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Type 2 Diabetes: How Do Fructose-Sweetened Drinks Affect Risk?

Type 2 Diabetes

A range of recent studies has pointed out the potential health risks of sugary drinks. Studies have confirmed that there is a link between sugary drinks and obesity, as well as cautioning that as few as two sugary drinks per week may raise the risk of type 2 diabetes considerably.

Now, a comprehensive review of existing research confirms that fructose-containing drinks can increase the risk of type 2 diabetes more than other foods that contain fructose.

Dr. John Sievenpiper, a researcher in the Clinical Nutrition and Risk Factor Modification Centre of St. Michael’s Hospital in Toronto, Canada, is the lead author of the study.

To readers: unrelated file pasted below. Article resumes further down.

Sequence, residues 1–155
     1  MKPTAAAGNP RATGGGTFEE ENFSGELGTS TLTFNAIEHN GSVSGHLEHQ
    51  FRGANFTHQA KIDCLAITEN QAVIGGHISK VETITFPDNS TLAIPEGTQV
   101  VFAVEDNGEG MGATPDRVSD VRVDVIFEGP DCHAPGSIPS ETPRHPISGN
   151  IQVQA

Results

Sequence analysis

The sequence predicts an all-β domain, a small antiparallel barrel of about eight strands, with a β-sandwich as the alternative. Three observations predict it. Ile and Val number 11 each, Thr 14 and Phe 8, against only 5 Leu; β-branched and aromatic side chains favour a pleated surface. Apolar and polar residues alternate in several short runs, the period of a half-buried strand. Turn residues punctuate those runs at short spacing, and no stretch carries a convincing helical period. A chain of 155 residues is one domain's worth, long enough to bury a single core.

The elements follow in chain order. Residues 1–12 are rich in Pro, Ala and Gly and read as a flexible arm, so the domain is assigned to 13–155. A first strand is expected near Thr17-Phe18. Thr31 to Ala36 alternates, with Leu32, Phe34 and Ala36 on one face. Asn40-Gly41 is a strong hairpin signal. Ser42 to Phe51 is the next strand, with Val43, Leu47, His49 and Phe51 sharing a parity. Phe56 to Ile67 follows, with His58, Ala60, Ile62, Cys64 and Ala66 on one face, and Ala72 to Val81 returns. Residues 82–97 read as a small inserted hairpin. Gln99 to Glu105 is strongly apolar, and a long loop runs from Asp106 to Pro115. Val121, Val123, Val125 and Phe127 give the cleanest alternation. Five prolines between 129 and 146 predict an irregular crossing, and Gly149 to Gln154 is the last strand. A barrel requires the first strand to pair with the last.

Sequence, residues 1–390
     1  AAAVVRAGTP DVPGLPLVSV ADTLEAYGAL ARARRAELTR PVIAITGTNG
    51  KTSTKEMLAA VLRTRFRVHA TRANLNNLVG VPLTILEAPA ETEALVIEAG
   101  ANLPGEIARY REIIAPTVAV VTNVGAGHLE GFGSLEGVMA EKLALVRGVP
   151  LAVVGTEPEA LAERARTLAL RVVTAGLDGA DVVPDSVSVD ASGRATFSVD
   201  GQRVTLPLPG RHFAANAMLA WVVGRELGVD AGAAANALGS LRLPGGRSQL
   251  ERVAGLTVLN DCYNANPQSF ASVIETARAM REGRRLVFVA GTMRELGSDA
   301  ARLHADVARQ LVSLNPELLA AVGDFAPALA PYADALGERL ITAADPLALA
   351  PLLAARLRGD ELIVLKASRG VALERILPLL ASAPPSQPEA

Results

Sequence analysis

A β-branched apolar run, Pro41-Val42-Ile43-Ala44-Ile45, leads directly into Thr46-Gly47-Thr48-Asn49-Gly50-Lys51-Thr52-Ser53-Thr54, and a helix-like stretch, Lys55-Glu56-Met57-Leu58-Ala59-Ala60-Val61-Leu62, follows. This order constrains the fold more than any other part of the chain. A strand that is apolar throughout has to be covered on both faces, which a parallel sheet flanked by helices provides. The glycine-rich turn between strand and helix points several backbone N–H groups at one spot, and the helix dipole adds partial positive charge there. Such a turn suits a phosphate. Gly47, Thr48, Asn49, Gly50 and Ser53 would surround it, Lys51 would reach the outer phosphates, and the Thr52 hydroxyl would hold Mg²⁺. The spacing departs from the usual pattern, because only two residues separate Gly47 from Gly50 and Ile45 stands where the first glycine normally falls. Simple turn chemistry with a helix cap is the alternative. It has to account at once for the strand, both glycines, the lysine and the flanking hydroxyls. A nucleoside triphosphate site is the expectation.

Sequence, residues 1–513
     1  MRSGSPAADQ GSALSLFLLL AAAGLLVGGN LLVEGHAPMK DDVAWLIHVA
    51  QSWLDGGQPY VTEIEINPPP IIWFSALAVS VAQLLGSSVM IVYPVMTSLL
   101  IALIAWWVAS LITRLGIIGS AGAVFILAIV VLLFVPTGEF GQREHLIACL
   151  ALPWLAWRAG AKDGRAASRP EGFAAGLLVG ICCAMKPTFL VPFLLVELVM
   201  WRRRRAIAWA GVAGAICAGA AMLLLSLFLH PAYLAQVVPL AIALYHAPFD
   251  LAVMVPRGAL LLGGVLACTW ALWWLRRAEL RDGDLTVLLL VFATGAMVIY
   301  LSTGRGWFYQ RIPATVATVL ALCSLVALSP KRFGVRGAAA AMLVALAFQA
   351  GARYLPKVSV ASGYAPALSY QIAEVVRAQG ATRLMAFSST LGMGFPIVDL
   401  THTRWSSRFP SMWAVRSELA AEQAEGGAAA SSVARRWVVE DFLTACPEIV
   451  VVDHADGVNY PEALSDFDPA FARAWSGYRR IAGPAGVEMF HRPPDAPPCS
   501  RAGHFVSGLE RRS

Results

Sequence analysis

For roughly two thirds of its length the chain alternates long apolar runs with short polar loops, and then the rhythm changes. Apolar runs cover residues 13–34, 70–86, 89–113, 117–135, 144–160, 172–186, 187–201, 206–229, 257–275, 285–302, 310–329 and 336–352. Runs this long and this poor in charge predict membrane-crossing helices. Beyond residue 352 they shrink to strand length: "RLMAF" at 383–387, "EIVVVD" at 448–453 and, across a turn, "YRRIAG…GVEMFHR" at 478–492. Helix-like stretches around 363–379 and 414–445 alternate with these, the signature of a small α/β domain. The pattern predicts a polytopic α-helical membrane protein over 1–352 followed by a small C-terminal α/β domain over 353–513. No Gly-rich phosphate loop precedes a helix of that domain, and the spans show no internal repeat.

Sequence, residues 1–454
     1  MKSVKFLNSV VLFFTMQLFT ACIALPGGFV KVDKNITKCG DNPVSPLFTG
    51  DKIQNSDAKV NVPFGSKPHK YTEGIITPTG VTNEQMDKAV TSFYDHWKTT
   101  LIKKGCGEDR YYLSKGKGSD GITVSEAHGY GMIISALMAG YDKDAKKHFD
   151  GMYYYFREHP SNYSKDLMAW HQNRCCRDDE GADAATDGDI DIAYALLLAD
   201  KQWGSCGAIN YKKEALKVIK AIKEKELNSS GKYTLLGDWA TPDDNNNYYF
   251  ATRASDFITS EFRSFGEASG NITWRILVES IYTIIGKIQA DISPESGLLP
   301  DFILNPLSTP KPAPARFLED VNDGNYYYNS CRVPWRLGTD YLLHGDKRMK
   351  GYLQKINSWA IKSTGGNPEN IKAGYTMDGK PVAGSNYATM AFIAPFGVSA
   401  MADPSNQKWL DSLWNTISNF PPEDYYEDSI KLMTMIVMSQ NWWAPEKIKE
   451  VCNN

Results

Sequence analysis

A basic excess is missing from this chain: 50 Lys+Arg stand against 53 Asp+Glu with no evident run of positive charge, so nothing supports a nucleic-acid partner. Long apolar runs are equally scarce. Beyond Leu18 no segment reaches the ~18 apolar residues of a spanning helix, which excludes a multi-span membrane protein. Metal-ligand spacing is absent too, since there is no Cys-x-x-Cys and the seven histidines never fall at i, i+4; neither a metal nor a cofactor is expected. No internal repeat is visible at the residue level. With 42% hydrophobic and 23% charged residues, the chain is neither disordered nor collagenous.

In their paper, Dr. Sievenpiper and colleagues quote other studies which have focused on fructose in particular as a threat to cardiometabolic health.

Although some research has suggested that fructose might be a good alternative to sugar, especially for people who are already living with diabetes, more recent studies have pointed out that “fructose could be particularly detrimental to metabolic health, and even more so than other sugars.”

As the researchers explain, fructose is a natural ingredient in several foods, such as fruits, natural fruit juice, honey, and even some vegetables. However, some food manufacturers artificially add the compound to soft drinks, desserts, cereals, and other baked foods.

In the new study, Dr. Sievenpiper and team wanted to see how different “food sources of fructose-containing sugars” affected the glycemic control of both people with diabetes and people who do not have the condition.

MedicalNewsToday, excerpt posted on SouthFloridaReporter.com, Nov. 27, 2018

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